O Lord, my Lord, my strong deliverer, you have covered my head in the day of battle.
Do not grant, O Lord, the desires of the wicked; do not further their evil plot. 

Those who surround me lift up their heads; let the mischief of their lips overwhelm them!
Let burning coals fall on them! Let them be flung into pits, no more to rise!
Do not let the slanderer be established in the land; let evil speedily hunt down the violent!
Ps. 140:1-11 

One old commentary called Psalm 140 "the cry of a hunted soul," saying that "few short Psalms are so rich in the jewelry of precious faith." While this may be true, it is also a rather vengeful psalm.  The psalm is said to

Wednesday, February 12

Standards of Conduct

Do I not hate those who hate you, O Lord? And do I not loathe those who rise up against you?
I hate them with perfect hatred; I count them my enemies.
Search me, O God, and know my heart; test me and know my thoughts.
See if there is any wicked way in me, and lead me in the way everlasting.
Ps. 139:21-24 

As beautifully harmonic as Psalm 139 is, it comes close to ending on a dissonant chord. There's too much hatred in verses 21-22, and it's hard to allow for it. I'm not supposed to hate. I try to avoid it. And if I take it to God, it's to ask for forgiveness—not to present it to God as a gift, like a cat dropping a dead mouse at its master's feet. I looked at the original Hebrew, hoping for another interpretation of an ambiguous verb. And maybe it helps a little to know that שָׂנֵא could mean either hate or abhor. To have an abhorrence for something seems more visceral, less voluntary. It almost seems to be more of a reaction than an emotion.

I can make allowances for the psalmist's hatred/abhorrence—they hate those who hate God, so it's not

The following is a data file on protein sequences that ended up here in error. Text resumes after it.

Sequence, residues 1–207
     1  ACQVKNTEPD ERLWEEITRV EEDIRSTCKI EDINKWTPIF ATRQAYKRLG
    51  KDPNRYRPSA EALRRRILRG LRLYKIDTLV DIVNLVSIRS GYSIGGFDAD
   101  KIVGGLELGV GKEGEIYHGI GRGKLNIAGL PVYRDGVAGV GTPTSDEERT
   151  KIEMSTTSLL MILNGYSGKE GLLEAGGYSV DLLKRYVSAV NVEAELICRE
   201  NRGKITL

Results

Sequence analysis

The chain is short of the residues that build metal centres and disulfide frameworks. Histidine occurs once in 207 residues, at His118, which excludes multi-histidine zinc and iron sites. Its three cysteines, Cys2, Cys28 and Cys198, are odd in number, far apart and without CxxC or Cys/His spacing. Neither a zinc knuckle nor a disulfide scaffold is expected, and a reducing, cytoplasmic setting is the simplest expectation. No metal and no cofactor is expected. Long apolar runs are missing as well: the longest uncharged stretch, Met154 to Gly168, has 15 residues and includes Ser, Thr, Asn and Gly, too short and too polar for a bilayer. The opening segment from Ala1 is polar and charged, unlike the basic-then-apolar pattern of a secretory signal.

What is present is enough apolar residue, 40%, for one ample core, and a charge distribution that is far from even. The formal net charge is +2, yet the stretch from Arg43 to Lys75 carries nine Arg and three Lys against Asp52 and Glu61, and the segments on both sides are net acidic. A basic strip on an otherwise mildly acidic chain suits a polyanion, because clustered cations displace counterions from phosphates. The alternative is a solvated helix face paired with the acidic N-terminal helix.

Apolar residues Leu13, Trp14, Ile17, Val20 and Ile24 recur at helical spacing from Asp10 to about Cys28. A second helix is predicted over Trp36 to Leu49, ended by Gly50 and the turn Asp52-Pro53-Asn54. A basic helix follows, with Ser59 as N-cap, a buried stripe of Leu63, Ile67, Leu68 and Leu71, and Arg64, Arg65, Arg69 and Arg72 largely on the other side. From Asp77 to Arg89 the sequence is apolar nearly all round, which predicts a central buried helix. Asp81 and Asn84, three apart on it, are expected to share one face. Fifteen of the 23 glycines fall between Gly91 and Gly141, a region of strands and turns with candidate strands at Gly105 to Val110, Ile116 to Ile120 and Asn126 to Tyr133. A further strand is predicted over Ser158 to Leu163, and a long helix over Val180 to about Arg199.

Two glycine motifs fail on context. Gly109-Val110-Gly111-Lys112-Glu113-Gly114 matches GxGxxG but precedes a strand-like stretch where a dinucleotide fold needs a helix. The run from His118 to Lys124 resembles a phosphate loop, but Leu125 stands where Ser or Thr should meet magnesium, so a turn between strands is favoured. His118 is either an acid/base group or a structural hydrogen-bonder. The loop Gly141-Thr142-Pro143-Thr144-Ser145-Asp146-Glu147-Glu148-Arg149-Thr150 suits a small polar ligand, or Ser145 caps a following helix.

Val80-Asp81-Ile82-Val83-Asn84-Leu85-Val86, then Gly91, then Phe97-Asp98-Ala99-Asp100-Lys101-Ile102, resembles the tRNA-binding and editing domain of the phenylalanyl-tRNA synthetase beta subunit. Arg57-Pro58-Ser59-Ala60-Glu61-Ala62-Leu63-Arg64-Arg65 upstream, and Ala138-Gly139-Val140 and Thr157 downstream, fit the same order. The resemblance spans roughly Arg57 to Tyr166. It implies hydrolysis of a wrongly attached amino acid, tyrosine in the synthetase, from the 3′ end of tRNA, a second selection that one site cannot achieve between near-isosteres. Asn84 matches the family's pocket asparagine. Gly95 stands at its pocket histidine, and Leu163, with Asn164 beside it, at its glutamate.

Tuesday, February 11

God Wrote My Biography

Your eyes beheld my unformed substance. In your book were written all the days that were formed for me, when none of them as yet existed.
Ps. 139:16 

I love to read, and there's nothing more wonderful than savoring the words and phrases of a great writer. They can make a tragic story into something beautiful and the mundane into something fascinating. And so why should I be upset that before the universe was created, God wrote my biography? How can I complain that I am the protagonist in such a beautiful plot? Being upset about my current plight would be like lifting a single paragraph out of Great Expectations and saying Charles Dickens is a boring writer. The story began before I can remember and will go on after I'm gone, and so I will entrust my life to the One who's already got

Monday, February 10

He Descended to the Dead

If I ascend to heaven, you are there; if I make my bed in Sheol, you are there.
Ps. 139:8 

Sheol was generally thought of as a place of complete separation from God. And yet Psalm 139:8 states that if a spirit would wish to flee from God, it cannot do so in Sheol. Perhaps this is the Old Testament equivalent to what we read in 1 Peter 3—
He was put to death in the flesh, but made alive in the spirit, in which also he went and made a proclamation to the spirits in prison, who in former times did not obey [1 Peter 3:18b-20a]
This, of course, is something that is found in the Apostles' Creed and which millions upon millions of people recite regularly. Unless, of course, they're Methodist.* Whereas for the middle part, about Jesus Christ, most